I Still Live In Your House

by Jacqueline Markowski
a fidgeting foot from Main Street. The walls
are vacuous, beaten by tinny echoes. The ghost of
your madness pulls fistfuls of time at the root.

The windows won’t pull in morning light like when we held you
crying, promising expected endings and solstice moons.

I was one of many walls within which you fell apart or burned.
Attached to this ceiling I craved a truth I did not yet realize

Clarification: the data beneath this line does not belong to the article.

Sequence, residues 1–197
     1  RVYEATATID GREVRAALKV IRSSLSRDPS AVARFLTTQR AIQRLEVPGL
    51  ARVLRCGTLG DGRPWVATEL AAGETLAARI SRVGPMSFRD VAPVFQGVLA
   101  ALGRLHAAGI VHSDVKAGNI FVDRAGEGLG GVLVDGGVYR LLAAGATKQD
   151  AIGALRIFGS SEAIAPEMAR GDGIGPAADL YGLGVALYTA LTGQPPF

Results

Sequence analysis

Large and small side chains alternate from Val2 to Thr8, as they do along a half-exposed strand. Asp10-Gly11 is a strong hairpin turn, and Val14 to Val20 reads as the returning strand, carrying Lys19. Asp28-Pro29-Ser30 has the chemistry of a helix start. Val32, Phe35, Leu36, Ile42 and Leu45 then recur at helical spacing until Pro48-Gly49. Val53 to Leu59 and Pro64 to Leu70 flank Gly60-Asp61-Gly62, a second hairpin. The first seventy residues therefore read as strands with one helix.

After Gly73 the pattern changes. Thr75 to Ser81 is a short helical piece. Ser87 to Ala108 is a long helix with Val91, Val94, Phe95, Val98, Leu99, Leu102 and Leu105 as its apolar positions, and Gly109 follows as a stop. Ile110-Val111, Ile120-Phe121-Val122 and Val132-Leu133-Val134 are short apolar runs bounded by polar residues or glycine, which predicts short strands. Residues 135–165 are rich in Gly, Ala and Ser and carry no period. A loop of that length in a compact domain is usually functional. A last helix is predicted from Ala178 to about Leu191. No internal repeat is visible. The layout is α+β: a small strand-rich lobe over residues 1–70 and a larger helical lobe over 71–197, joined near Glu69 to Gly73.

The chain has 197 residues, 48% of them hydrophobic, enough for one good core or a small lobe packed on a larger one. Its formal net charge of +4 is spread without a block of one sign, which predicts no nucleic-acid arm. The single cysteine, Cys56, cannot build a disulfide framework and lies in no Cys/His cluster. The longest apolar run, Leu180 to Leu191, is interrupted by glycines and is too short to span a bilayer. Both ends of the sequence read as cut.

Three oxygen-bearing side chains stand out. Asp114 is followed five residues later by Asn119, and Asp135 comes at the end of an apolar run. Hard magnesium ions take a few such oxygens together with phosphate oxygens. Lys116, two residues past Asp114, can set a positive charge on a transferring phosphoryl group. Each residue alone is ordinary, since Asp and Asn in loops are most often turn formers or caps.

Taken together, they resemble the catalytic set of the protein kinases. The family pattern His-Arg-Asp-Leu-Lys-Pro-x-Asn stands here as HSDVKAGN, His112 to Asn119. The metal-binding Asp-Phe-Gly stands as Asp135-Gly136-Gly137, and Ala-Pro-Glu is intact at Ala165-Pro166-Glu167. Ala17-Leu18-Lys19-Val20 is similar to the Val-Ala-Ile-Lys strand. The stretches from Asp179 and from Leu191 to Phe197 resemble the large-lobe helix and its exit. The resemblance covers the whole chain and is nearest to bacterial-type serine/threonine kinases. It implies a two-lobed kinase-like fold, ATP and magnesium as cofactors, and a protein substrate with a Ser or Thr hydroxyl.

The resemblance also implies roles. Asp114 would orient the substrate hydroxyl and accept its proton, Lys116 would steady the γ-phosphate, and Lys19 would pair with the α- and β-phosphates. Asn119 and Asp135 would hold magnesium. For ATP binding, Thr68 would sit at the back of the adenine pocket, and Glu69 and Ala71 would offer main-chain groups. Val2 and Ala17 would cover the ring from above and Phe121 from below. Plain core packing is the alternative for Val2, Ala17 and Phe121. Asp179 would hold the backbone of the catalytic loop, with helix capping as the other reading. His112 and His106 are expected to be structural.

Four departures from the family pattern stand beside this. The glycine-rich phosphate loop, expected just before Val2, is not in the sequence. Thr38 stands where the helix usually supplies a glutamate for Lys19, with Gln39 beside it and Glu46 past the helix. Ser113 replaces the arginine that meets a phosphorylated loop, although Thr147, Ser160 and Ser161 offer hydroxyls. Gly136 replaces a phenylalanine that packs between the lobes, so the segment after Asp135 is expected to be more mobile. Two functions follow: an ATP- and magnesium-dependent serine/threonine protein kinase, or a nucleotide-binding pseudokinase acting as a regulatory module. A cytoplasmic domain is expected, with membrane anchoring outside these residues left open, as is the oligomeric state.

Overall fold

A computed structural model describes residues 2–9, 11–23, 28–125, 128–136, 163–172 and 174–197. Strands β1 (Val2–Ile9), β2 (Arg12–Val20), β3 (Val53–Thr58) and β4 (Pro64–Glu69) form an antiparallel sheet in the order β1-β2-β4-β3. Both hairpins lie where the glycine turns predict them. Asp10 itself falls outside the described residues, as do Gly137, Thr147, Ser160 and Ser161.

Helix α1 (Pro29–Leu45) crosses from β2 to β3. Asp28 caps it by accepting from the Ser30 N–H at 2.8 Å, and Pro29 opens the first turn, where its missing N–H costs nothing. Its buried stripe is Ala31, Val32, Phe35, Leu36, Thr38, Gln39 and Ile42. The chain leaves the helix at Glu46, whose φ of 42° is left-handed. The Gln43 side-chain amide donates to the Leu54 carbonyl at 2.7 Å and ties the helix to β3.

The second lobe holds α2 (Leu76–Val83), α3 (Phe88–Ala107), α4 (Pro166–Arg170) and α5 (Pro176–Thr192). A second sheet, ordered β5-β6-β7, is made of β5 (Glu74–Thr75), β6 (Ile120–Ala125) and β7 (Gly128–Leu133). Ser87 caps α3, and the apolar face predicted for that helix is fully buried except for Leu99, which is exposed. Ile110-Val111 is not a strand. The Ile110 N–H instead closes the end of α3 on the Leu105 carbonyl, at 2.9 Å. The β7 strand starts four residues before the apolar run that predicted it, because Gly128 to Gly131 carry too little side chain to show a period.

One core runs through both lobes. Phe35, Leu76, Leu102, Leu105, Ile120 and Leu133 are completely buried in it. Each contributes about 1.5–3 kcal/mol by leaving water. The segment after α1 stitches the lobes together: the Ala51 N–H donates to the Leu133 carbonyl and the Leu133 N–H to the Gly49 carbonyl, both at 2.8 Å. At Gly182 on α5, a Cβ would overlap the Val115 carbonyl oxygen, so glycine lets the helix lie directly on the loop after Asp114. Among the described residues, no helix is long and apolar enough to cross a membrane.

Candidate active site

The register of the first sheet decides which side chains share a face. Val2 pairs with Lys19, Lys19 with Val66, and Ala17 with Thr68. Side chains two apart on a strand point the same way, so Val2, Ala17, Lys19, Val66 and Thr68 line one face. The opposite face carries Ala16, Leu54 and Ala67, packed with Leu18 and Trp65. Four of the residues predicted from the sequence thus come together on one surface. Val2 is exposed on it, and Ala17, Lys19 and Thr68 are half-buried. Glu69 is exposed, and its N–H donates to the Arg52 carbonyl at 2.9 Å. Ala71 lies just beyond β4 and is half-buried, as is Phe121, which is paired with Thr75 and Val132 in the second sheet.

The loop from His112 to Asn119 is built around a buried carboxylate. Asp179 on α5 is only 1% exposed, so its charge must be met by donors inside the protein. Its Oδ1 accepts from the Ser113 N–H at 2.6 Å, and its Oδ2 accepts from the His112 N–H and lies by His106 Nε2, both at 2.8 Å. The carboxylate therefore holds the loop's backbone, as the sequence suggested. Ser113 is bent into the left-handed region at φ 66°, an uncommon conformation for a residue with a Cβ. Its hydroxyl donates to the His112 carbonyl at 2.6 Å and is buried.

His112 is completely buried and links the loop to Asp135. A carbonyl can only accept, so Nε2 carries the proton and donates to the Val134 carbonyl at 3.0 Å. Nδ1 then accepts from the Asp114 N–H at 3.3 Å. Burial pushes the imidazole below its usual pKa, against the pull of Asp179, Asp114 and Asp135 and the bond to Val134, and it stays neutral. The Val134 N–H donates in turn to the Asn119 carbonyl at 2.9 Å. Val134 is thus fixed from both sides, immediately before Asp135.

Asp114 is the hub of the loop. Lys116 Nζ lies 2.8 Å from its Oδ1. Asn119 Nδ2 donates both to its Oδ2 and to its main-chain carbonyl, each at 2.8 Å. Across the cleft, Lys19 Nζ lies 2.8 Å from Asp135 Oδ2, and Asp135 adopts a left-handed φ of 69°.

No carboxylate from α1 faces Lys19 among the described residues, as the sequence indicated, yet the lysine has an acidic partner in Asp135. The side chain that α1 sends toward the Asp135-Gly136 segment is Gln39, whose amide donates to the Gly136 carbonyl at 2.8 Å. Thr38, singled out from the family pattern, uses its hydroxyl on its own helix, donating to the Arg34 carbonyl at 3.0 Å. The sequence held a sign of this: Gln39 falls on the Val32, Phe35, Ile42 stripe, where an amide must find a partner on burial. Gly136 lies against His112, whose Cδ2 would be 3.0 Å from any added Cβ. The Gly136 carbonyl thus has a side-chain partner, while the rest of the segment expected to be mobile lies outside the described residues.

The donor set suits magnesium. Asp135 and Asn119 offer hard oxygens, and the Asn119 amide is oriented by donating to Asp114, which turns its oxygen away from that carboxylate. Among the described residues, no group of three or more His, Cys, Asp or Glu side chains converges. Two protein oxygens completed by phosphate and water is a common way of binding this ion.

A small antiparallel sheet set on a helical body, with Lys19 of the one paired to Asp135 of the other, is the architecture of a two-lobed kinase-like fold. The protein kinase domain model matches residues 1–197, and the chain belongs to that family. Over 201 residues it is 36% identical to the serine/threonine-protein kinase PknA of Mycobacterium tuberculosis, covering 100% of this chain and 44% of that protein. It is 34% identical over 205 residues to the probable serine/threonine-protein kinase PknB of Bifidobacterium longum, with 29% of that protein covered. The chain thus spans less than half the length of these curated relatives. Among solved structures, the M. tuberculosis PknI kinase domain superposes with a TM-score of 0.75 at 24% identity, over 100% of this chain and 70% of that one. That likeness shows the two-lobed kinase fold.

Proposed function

was missing.

You are now a museum a flagged passport away
from where I fight ghosts and Narcissus, pulling dusty wax

from what light I have gathered.
Jacqueline Markowski lives in North Carolina where she homeschools her increasingly independent children, attends college and writes poetry and short stories. Her work has appeared in numerous publications including Kentucky Review, Permafrost, Storm Cycle, Rainbow Journal and Blast Furnace and is forthcoming in Bird’s Thumb and San Pedro River Review. A Pushcart prize nominee, she won first place at The Sandhills Writer’s Conference. She is currently working on a collection of poetry.

© 2014, Jacqueline Markowski